Review: Risuko by David Kudler

I didn’t want to leave this world!

About the book:

My name is Kano Murasaki, but most people call me Risuko. Squirrel.

I am from Serenity Province, though I was not born there.

My nation has been at war for a hundred years, Serenity is under attack, my family is in disgrace, but some people think that I can bring victory. That I can be a very special kind of woman.

All I want to do is climb.

My name is Kano Murasaki, but everyone calls me Squirrel.

Risuko.

Though Japan has been devastated by a century of civil war, Risuko just wants to climb trees. Growing up far from the battlefields and court intrigues, the fatherless girl finds herself pulled into a plot that may reunite Japan — or may destroy it. She is torn from her home and what is left of her family, but finds new friends at a school that may not be what it seems.

Magical but historical, Risuko follows her along the first dangerous steps to discovering who she truly is.

Kano Murasaki, called Risuko (Squirrel) is a young, fatherless girl, more comfortable climbing trees than down on the ground. Yet she finds herself enmeshed in a game where the board is the whole nation of Japan, where the pieces are armies, moved by scheming lords, and a single girl couldn’t possibly have the power to change the outcome. Or could she?

Cover of David Kudler's Risuko

Click to start reading

Review by Katy Haye:

Oh, this was utterly sumptuous. I loved it! Now, I’m not sure if it’s a fantasy world based on Japan or it’s a historical novel set in feudal medieval Japan, but either way it’s glorious.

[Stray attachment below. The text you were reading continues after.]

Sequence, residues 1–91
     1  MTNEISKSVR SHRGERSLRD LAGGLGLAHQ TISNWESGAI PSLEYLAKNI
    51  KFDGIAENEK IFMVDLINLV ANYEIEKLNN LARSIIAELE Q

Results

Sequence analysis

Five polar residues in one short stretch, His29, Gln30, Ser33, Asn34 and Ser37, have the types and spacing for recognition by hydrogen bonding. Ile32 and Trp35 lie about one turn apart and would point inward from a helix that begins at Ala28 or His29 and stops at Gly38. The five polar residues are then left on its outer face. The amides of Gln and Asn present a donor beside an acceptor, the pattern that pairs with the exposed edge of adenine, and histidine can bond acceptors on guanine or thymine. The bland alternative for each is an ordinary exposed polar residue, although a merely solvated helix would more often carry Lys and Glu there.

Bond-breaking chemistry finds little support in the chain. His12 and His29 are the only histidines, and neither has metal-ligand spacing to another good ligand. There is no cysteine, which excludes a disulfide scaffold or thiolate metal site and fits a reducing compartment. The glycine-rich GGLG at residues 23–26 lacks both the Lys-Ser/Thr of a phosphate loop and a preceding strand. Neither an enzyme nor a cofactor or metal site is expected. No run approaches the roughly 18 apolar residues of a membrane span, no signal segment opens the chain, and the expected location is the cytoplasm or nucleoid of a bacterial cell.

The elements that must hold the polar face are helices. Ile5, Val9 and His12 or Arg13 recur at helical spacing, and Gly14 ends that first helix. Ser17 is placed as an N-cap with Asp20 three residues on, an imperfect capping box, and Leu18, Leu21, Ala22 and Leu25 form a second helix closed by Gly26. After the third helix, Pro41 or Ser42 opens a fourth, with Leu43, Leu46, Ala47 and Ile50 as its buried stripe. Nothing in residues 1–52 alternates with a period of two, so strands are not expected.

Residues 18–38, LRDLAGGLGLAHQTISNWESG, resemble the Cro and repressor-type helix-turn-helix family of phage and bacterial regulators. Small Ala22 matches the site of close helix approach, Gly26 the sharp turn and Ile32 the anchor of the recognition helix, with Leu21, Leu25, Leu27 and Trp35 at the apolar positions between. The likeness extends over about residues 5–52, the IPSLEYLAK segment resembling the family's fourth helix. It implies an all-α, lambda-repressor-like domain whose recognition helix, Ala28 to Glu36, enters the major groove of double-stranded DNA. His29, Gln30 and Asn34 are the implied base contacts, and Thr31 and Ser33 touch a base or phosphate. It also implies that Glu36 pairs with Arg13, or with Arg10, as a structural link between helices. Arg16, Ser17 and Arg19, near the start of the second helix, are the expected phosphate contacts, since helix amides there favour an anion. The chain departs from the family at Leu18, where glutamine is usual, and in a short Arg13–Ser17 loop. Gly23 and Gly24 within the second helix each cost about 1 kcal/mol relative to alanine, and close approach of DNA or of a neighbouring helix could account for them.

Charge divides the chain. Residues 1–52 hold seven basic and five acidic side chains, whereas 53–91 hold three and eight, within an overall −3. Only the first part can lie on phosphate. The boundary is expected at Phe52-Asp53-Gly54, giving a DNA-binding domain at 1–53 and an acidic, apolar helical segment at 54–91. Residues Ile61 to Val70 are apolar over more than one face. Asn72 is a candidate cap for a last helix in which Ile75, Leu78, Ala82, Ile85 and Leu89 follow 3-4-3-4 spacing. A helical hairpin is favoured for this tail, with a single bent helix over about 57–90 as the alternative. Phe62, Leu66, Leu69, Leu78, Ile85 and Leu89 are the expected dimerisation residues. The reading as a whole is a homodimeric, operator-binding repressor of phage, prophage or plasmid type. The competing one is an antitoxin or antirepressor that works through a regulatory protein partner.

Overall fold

Risuko means squirrel in Japanese, and is the nickname for the heroine, who has a remarkable talent for climbing. It’s this ability that brings her to the notice of a redoubtable patron and leads to her arrival at an unusual training school.

The world-building was flawless, the characters were complex and enticing and the plot, while slower-paced than my usual, frenetic reading fare, was fabulous and just right for the story. I fell in and didn’t want to ever climb out, frankly.

If you read and enjoyed Lian Hearn’s Across the Nightingale Floor series (I loved it), then try this. And in a similar vein, but with magic, try Megan Crewe’s A Mortal Song.

Katy Haye is reading (and reviewing) her way through the alphabet. Check back next week for a review of her “S” read: Sand Runner. When not reading, Katy writes speculative YA fiction. Discord “The Matrix meets Planet of the Apes” is currently available.

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One Response to Review: Risuko by David Kudler

  1. David Kudler says:

    I’m so glad you enjoyed Risuko, Katy!

    I’m working hard together book #2, Bright Eyes, out by next winter.

    Like

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